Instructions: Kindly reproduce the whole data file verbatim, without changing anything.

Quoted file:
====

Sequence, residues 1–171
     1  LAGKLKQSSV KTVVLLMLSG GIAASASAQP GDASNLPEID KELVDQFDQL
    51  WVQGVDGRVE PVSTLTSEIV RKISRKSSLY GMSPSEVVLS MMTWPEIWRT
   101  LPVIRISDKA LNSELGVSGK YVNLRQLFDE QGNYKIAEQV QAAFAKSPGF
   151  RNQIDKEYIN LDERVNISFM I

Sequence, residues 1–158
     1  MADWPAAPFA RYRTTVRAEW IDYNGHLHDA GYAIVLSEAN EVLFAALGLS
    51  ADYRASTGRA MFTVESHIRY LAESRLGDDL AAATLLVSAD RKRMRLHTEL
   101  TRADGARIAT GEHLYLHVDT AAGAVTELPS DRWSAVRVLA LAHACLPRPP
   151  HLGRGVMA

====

Sequence, residues 1–171
     1  LAGKLKQSSV KTVVLLMLSG GIAASASAQP GDASNLPEID KELVDQFDQL
    51  WVQGVDGRVE PVSTLTSEIV RKISRKSSLY GMSPSEVVLS MMTWPEIWRT
   101  LPVIRISDKA LNSELGVSGK YVNLRQLFDE QGNYKIAEQV QAAFAKSPGF
   151  RNQIDKEYIN LDERVNISFM I

Sequence, residues 1–158
     1  MADWPAAPFA RYRTTVRAEW IDYNGHLHDA GYAIVLSEAN EVLFAALGLS
    51  ADYRASTGRA MFTVESHIRY LAESRLGDDL AAATLLVSAD RKRMRLHTEL
   101  TRADGARIAT GEHLYLHVDT AAGAVTELPS DRWSAVRVLA LAHACLPRPP
   151  HLGRGVMA